Guest Feature by Dmitriy Churilov

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TheWave – Now, what is it all about?

April 13, 2023Independent
Album | Digital36:13 | 9 tracks
Alternative Rock / GrungeSwitzerland

2023 marks the era of AI-generated music and mass-marketed hip-hop reign. The idea of music being a means of healing and pouring one’s soul out is slowly decaying in value, both aesthetically and economically. Still, some artists resort to it the old-school way of recording songs driven by the inner urge to share personal struggles and its therapeutical value, rather than generating income and amassing a big online following. Now, what is it all about? This question becomes the name of the newest album of a Swiss singer-songwriter TheWave, who represents the camp of outsider music and rock’n’roll outcasts.

More than an image, the lo-fi production and overall amateur feel of this release is the result of clinically diagnosed depression of the person behind the song; the album is packed to the brim with that real feeling of alienation, loneliness, and despair. Illustrating the classic saying

crying wolf is the real danger

TheWave has been extremely productive in the last couple of years. Now his sound is completely defined – with raw production quality, naive and deeply personal lyrics, and jumpy guitar riffs.

On the Floor (48 hours) opens the album with a classic grunge vibe, built around a slow eerie riff and weird timings. This song makes an impression of a confession being pretty vocal-centric.
Off to War makes a surprising transition to number reminiscent of Talking Heads and Polvo, featuring softer humming singing and quasi-major guitar. The second half of the song shows off an impressive riff development that could remind one of The Wipers approach.

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Pal is a poppier song, a self-relecting passage on battling addiction, that contains an edgy chorus about “fucking anyway” tackling a widespread challenge of trying to quit just to find out being powerless and destructive to everyone around. Pal is a more accessible/positive track musically, but still rather dark in the aspect of confusion drawn by the inability to cope with constant urge and hopelessness.
What would you expect from a song called Damaging Place Called Hell? Anyway, what you are getting is an homage to The Minutemen, still detailed with TheWave’s peculiar vocal (kind of Hüsker Dü-ish).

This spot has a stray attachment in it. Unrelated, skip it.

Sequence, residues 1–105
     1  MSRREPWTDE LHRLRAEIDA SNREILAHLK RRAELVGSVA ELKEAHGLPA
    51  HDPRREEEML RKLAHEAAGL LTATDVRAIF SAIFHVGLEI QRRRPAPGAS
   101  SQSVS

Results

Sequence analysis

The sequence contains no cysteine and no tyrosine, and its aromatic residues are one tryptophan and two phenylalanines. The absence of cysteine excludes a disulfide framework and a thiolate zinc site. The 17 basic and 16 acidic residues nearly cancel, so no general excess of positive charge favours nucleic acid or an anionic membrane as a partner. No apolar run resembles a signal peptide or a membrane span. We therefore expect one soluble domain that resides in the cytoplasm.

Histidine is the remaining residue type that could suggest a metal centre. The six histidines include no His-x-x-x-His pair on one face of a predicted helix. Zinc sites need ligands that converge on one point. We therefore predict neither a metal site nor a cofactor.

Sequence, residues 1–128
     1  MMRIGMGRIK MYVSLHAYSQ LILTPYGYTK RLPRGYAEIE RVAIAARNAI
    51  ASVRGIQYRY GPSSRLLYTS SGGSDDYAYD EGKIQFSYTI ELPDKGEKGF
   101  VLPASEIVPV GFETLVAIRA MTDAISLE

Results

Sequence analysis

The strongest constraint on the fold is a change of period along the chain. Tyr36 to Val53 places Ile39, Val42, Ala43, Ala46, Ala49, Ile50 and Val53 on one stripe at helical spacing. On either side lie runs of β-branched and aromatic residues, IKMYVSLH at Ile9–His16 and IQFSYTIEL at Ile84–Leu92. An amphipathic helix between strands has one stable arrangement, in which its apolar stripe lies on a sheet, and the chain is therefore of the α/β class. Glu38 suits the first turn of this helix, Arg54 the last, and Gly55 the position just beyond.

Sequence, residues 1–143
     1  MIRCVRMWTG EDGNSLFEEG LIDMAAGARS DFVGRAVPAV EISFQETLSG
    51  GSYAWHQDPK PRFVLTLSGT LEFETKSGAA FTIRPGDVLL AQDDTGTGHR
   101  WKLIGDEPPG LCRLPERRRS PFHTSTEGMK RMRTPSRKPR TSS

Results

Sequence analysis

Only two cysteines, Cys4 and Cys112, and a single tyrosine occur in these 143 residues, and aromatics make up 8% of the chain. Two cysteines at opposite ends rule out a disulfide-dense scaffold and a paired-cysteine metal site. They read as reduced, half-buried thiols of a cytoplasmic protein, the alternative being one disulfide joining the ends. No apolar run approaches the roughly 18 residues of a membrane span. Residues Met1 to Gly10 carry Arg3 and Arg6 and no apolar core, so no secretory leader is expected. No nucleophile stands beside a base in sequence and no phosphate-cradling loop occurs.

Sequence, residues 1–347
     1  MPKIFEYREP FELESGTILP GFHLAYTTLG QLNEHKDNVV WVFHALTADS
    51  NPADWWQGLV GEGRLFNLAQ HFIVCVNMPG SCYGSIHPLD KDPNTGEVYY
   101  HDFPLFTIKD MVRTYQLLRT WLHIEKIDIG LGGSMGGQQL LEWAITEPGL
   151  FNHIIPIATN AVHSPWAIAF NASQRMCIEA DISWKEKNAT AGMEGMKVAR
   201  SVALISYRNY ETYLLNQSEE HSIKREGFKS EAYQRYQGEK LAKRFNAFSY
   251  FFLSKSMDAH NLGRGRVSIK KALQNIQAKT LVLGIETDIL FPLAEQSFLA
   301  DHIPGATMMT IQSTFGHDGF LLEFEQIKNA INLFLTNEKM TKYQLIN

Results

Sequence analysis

Decoupled continues with a heavier riff closer to such acts as Jawbreaker and Mudhoney, with just a pinch of heavy metal in the mix. The song explores the topic of isolation and cutting ties with everyone around as the result of feeling like a burden to the whole world. And that melody is a real earworm too.

With the next song Fever Dreams, TheWave explores more of the post-punk territories, with stronger eastern european influences. This one features a massive buildup in the second half to show off the guitar skill and style. Still, this sounds more like a filler.
And now we are closing in on a real highlight of the album, Cadgers. This one is a really rhythmical piece of avante rock, with fast-slow paces mixed in one trippy jam. The thing that stands out the most is the chattering vocals. All in all, it sounds like something Don Caballero could have recorded on a rainy day in Switzerland.

Whatever, However is a simpler punk tune, with a lighter sound and naughty lyrics. After Cadgers, this one passes mostly unnoticed really, further exploring the trend to develop the melody in the closing part.
And here it is, the classic closing “ballad’, Moments of Silence. It really has that bedroom record charm that goes perfectly with amateur production and naive singing. Mostly acoustic (even more than the whole album on average), Moments of Silence improves the classic rock formula and ends this record on a sad note and a hope for a better tomorrow, that grows from the bliss of solitude.

Now, what is it all about is an exceptional example of an album, too wild to live, too rare to die. TheWave captures the fleeing sense of intimacy and honesty that is truly rare to achieve.

Text by Dmitriy Churilov

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